Thursday, March 06, 2008


News of Yore: Manning Creates Cartoon Mural

Cartoonists Came First— So Manning's Mural Says
E&P, 4/19/52

The first newspapermen were cartoonists, period.

Some members of the craft might be inclined to argue the truth of that flat statement by Reg Manning, McNaught Syndi­cate editorial cartoonist whose work is distributed to more than 125 newspapers, but he's willing to take on all comers to convince the doubting Thomases.

In a monumental mural now adorning the walls of the Phoenix Press Club, the Pulitzer prize win­ner for cartooning in 1951 has documented his pet theory that prehistoric man carved news pic­tures on rocks long before he learned to write squibs for the Paleolithic Pioneer Press.

There­fore, reasons Mr. Manning, the first newspaperman was not a writer but a cartoonist.
To date only club members and a few visiting firemen, such as the aviation and travel writers who flocked to Phoenix early this year for "quickie vacations" as guests of the local chamber of com­merce, have seen Mr. Manning's masterpiece of newspaper humor depicting the first news stories of mankind tapped out on stone.

All visitors to the press club in the Hotel Westward Ho have been wowed by the mural. Be­cause it has a potentially wide appeal to all newspapermen who might be curious to know how their profession started thousands of years ago, Editor & Publisher has obtained permission to repro­duce one section of the mural and the key to the primitive petroglyphs portraying the first news stories of the stone age - and how they were covered by the first cartoonists.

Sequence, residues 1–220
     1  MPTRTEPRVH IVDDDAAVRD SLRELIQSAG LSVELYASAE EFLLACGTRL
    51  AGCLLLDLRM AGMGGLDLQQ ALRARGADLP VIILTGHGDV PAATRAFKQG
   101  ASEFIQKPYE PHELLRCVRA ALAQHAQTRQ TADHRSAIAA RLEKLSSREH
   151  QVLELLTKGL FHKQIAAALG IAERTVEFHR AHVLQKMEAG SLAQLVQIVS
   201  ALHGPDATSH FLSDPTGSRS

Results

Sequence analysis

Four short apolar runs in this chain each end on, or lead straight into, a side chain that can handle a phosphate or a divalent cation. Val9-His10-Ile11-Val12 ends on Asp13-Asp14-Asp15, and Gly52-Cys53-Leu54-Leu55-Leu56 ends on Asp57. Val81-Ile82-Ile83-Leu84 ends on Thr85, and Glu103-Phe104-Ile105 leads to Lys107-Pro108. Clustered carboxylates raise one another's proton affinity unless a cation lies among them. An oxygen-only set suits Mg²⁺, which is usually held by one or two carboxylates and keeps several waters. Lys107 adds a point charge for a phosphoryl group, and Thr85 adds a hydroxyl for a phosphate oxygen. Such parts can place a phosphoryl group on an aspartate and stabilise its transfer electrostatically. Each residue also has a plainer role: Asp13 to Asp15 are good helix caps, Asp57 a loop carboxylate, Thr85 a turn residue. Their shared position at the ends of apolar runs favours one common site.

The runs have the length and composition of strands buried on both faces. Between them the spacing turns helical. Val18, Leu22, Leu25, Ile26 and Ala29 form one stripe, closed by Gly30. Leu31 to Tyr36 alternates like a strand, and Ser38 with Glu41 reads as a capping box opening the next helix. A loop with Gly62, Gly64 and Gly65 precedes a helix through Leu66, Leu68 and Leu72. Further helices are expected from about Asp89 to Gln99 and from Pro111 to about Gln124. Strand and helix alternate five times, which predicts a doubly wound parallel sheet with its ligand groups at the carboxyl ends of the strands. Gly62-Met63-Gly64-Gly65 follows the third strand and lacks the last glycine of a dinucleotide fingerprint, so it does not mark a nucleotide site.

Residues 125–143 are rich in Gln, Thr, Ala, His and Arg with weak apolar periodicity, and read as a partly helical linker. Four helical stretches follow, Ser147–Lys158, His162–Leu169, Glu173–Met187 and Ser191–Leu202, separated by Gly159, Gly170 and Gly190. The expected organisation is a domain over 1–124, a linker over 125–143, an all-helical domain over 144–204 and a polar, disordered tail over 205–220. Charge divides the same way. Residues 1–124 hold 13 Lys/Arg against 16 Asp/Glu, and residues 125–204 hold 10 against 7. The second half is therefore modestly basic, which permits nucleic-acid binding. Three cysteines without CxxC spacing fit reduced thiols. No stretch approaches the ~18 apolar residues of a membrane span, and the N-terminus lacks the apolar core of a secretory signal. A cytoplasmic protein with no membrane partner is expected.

All told, 81 news stories and newspaper situations are depicted. Four months were required to complete the mural at Mr. Man­ning's home, in between his weekly stint of six cartoons for the McNaught list and a local one for the Arizona Republic. Reg dreamed up all the situations and gags in the mural and its key.

Originally nine feet long, as ex­ecuted in tempera, the mural was enlarged and reproduced in exact color and detail on three walls of the club dining room by Art McFair, a Phoenix artist. It was completed a year ago.

Mr. Manning, whose cartoons have appeared in the Republic for a quarter of a century, evolved his theory about the origin of the newspaper business while roaming about Arizona's canyons, study­ing cavemen's pictures he found carved on the walls. He sums up his theory this way: Arizona's first news reporters were cartoonists, whose first edi­tions, tapped out on stone, may be seen in the files of a thousand canyon walls. Depicted at the left of the mural (see cut) is one of the first newsmen.

"Arizona's original broadcaster who came ages before the micro­phone is portrayed at the right extremity of the mural (not re­produced here). He is the Town Crier of the Pueblos. In the Hopi villages of northern Arizona, town criers still announce news daily, as they have for centuries past.

"The primitive petroglyphs shown present paleolithic picturization of peoples and plights, phil­osophy and phrases, peculiar to press and radio, as our prehistoric predecessor might have pictured them."